Monday, October 10, 2016

Northeast Lean Conference: Lean By Doing - Recap


Last week I was able to join GBMP’s 12th Annual Northeast Lean Conference in Worcester, MA. The theme was on the tacit nature of implementing Lean, the importance of tying together the technical and social sides of Lean, the significance of management’s involvement and the ability of organizations to sustain the gains.

I thought I would share a few highlights from this year's conference.

The first presenter was Art Byrne who was instrumental in the Lean transformation at the company where I work. Art has transformed many businesses over his career and shared his formula which he described in he book Lean Turnaround. He found Lean was a strategy to run a business focusing on eliminating waste to deliver more customer value. A key element in his approach was Kaizen which is still done today at Wiremold (25 years later). Kaizen is powerful because it is key training vehicle to teach new thinking and gets everyone on board. Art explained the importance of moving from batch to flow production (where you work to takt time, 1 piece at a time, using standard work, via the pull of customer demand). I really liked his comment to all these black belts today: "
We are running a company not a karate class."

Another great speaker was Eric Dickson, CEO of UMass Healthcare, who shared a power message on strategy and Lean transformation. He claims many organizations spend very little time on the things that will really transform their business (ie. Strategy). Their are 5 points of emphasis in his approach:
1) Establish a pre-defined goal and then run experiments (kaizen)
2) Let the people doing work do experiments
3) Standard work leads to improvement
4) Transparency creates the necessary tension for improvement (share metrics and plans)
4) Framework for Performance excellence (how the management system is executed)
With the back drop of saving lives (healthcare) he shared a compelling vision for all.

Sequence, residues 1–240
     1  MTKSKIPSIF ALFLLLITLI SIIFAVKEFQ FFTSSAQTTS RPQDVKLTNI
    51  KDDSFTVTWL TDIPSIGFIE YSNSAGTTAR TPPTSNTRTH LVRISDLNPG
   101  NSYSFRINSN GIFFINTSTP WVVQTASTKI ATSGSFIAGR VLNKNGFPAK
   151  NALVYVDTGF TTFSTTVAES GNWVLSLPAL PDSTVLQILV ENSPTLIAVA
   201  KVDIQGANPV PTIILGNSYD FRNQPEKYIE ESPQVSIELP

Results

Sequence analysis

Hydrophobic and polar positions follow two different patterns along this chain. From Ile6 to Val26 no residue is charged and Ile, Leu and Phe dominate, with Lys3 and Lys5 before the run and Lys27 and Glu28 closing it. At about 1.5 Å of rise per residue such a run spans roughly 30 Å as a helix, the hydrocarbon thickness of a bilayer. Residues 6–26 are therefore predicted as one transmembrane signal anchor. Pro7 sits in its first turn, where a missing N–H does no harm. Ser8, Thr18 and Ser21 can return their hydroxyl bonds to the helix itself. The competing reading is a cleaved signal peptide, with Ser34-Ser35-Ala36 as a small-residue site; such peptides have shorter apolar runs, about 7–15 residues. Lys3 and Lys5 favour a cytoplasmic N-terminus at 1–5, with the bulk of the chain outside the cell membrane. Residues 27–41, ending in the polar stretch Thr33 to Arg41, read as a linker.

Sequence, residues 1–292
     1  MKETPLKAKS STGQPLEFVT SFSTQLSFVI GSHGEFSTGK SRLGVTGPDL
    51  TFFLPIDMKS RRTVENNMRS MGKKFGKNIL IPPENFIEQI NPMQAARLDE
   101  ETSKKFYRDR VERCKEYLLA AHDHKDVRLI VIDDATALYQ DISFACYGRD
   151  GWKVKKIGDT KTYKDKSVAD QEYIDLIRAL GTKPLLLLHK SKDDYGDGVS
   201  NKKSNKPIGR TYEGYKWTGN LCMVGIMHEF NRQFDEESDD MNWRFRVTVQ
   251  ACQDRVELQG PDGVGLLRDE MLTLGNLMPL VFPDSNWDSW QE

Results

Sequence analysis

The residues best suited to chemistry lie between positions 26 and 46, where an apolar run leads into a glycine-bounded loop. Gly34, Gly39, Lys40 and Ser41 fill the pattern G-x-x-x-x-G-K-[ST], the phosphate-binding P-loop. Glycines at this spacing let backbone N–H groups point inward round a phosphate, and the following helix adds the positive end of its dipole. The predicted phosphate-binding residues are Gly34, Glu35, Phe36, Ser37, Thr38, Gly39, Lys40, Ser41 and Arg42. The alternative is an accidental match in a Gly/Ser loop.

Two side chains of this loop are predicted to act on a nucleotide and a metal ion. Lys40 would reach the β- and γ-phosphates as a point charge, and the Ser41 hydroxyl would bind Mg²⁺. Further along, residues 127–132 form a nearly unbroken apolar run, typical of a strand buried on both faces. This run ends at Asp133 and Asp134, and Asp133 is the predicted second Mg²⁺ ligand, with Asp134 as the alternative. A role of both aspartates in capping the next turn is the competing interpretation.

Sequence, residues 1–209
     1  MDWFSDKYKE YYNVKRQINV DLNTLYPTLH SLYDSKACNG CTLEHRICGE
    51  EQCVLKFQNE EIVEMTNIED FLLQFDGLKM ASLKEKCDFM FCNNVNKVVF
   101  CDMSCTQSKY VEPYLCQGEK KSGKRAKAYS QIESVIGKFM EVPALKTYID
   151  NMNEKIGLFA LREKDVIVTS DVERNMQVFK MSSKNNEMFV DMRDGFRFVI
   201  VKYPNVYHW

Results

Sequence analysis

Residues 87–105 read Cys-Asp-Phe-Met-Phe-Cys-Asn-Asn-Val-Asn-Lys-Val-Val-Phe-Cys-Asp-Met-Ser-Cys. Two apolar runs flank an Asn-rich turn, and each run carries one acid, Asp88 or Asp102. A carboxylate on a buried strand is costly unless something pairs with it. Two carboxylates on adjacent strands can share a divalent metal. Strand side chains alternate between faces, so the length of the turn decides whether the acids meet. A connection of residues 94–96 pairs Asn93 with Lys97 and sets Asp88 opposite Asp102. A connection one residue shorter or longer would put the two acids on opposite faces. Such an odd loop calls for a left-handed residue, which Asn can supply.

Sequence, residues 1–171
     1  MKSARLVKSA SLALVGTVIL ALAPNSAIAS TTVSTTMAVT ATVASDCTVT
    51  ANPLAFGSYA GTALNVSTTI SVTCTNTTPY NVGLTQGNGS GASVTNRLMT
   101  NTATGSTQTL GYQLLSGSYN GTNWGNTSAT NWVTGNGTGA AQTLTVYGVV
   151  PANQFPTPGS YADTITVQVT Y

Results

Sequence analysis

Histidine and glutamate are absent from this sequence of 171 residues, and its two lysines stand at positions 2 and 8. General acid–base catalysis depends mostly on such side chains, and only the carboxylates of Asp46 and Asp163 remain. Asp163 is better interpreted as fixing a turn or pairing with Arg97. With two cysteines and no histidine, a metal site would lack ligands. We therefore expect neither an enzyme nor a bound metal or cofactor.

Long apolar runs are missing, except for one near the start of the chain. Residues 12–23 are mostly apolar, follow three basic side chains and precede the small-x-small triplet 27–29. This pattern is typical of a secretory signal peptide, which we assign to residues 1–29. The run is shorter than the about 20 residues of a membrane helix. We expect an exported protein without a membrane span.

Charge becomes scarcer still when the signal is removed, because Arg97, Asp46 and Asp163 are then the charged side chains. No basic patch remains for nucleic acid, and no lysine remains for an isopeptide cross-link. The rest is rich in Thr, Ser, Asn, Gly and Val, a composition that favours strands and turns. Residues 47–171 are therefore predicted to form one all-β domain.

LEI's John Shook shared the Lean Transformation Framework they use when working with companies, divisions, and individuals. Practice does not make perfect it makes permanent. Perfect practice can make perfect permanent. Deliberate practice explains a substantial amount of performance variance. We need to design the entire work experience that individuals experience. The framework consists:
1. Purpose – align around the problem to solve
2. Designing, doing and improving the work
3. Develop capability, develop people
4. Management system – leader behavior
5. Basic Thinking
Here is a video describing LEI's Lean Transformation Framework.


Mike Orzen gave a thoughtful talk on creating a path to Lean. He claims 90% of transformations fail primarily because:
Leadership delegates change
Middle management is not onboard
Lack of shared vision
Unrealistic expectations/little patience/time is not allocated
Key systems that drive the right behavior are not in place

Mike took a look at the top 3 Lean models: 1) Shingo 2) Toyota Way 4P 3) LEI transformation model
to see how they compare.  All have in common:
Foundation of culture, long term vision and value mindset
Focus on continous process improvements
Respect for people and development of capabilities
Continuous learning through structured problem solving, reflection, and kaizen

This suggests a pathway to Lean that all can use to transform their company.


There were many more great breakout sessions and lots of opportunity to network and connect with many great Lean thinkers and implementers alike.  This is one of my favorite conferences.

Next year's conference will be held September 19-20, 2017 in Worcester, MA.  The theme is on the integration of tools and culture.  Mark your calendar so you don't miss out on a great opportunity.



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